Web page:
SF: Yes, I fully understand. To my mind, the European left in general finds itself in a double strategic stalemate. On the one hand, there are those who claim that ‘Lexit’ is the only way to pave the way for progressive reforms and impose national financial policies. And on the other hand, there are those who claim that the European Union’s direction depends on the general balance of power and that therefore the fundamental goal of the left should be to create progressive coalitions within the European framework. Which one of those two projects do you think is the appropriate strategy for Labour?

    JT: In the midst of these complex manoeuvres at the moment I don’t want to go any further into my personal view on this because I’m a member of a collective leadership. We have our internal discussions and then try to speak with a single voice. I will say though, in response to the general question, that there really are two hugely contesting views of what kind of Europe we want to create and want to inhabit. Do we want a Europe of internationalism, solidarity, progress, economic intervention when necessary, an end to economic liberalism, the use of state aid when necessary, a democratic Europe where it is possible to change direction if that’s what the peoples of Europe want, and looking beyond the European boundaries to the rest of the world. On the one hand, that represents a left project of a major type. I am not sure that this is being properly articulated by the left across Europe or that the left has got a shared vision of this.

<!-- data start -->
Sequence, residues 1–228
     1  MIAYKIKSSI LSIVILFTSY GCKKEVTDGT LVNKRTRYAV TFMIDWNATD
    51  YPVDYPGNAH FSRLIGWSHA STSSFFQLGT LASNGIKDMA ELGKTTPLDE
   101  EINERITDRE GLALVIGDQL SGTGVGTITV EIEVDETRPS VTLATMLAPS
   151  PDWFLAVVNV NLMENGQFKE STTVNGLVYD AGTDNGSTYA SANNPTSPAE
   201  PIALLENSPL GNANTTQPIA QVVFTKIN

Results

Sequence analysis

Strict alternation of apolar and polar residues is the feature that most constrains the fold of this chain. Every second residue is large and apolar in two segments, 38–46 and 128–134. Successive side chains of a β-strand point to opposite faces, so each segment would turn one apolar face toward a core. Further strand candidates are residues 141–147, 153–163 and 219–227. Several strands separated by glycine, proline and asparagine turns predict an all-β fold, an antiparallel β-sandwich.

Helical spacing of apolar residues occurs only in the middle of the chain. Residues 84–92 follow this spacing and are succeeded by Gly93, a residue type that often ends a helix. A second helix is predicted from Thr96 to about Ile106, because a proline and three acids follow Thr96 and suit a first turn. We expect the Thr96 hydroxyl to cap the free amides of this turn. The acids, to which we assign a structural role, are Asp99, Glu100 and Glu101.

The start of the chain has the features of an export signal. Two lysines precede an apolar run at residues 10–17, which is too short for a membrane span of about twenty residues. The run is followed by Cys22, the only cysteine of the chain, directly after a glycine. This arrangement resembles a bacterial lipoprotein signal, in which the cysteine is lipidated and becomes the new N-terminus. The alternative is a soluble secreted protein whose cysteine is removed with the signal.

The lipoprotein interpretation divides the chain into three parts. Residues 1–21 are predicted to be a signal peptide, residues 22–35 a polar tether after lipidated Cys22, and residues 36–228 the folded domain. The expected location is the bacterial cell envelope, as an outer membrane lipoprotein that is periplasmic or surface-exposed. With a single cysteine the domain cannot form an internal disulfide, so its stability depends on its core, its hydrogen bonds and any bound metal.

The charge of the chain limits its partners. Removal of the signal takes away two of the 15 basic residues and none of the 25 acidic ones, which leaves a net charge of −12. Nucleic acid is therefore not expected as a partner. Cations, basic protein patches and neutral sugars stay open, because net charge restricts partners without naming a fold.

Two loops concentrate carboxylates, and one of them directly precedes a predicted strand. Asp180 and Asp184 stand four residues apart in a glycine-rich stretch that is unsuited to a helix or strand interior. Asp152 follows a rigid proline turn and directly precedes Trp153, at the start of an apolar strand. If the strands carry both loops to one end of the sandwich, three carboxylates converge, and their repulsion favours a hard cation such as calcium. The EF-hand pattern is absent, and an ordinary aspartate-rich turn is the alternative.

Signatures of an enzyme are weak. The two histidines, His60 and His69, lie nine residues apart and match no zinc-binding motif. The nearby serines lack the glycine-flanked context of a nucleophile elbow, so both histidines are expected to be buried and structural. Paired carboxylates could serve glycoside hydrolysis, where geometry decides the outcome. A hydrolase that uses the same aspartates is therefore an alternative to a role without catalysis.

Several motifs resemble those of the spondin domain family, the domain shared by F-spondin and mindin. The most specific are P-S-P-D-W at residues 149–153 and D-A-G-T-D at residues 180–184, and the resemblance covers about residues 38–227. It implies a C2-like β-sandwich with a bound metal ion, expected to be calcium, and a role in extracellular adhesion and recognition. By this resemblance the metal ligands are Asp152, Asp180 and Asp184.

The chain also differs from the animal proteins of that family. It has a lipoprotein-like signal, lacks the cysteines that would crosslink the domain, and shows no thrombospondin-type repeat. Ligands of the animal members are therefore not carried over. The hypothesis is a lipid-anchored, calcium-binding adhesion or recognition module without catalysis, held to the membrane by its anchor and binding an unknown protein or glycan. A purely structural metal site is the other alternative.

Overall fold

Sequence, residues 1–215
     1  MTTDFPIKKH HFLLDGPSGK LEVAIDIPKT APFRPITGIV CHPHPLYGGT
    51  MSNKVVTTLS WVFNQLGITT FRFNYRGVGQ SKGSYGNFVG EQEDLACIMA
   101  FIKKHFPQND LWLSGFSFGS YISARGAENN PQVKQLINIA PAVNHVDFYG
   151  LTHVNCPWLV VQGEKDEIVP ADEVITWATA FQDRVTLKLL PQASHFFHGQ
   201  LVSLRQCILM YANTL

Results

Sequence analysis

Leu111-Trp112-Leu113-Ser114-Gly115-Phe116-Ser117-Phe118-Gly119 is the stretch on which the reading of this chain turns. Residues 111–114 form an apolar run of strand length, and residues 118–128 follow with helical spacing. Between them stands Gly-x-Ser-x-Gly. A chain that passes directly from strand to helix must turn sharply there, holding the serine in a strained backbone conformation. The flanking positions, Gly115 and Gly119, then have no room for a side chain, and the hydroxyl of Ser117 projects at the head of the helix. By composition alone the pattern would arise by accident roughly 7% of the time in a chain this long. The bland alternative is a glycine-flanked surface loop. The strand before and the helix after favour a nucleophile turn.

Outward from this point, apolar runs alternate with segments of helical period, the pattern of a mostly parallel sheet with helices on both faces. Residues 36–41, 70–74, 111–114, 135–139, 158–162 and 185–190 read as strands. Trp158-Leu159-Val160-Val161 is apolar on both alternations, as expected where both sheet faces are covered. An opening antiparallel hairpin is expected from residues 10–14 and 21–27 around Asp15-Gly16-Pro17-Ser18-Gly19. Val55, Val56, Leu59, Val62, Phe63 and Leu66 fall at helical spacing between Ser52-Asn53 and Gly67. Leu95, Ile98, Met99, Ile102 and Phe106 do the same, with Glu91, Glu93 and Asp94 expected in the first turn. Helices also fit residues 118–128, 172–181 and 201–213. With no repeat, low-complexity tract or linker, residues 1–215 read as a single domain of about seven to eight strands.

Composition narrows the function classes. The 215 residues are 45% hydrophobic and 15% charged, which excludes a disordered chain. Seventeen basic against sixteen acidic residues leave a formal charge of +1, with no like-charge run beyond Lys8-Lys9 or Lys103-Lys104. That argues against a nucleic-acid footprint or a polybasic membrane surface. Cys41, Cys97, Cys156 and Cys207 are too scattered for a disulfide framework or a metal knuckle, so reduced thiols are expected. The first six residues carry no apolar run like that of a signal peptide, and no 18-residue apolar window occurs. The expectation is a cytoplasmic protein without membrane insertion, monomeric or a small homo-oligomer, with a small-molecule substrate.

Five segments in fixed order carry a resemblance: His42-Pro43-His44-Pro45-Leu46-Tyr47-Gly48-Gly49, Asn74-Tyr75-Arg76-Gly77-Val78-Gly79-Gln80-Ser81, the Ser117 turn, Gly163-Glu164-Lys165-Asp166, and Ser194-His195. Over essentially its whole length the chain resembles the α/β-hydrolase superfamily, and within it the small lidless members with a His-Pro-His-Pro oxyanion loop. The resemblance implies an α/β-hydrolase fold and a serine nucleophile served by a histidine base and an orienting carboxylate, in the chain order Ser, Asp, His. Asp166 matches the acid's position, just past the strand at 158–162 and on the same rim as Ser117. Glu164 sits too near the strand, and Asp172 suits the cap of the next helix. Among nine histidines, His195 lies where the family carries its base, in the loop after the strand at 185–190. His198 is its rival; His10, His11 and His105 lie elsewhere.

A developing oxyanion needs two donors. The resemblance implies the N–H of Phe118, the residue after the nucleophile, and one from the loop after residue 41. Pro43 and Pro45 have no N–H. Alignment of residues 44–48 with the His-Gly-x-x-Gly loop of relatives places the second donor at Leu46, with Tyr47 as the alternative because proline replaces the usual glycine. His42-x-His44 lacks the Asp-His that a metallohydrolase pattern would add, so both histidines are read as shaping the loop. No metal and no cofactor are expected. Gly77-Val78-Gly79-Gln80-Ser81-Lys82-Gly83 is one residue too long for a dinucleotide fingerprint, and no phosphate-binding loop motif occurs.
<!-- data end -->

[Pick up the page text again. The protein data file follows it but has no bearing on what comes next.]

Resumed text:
On the other hand, there’s a completely different vision of Europe, a contending vision, which is dominant at the moment, of a Europe that is driving working people into lower and lower standards, a kind of race into the gutter, which is class-ridden, dominated by corporate policies, rather than a kind of people’s or social Europe. It is the kind of debate which needs to be had.
       I know where we stand and we can work out our tactics and strategies. It does seem to me – and I’ve been doing quite a bit of work speaking to other left-wing leaders in the rest of Europe – that there is not yet a consensus as to what our vision of a social Europe would be. And that, I think, is lamentable. It would be better if we had a common view given that capital itself has gone global while labour movements tend to still be captured in national boundaries. That, I think, is a really important matter, and I know that Transform is active in promoting debate on this matter.

    SF: Yes. transform!europe participated in this year’s The World Transformed events in Liverpool, co-organising two sessions on the cooperation between radical left forces in Europe, in which the Labour Party can play a major role. What is your view of this prospect?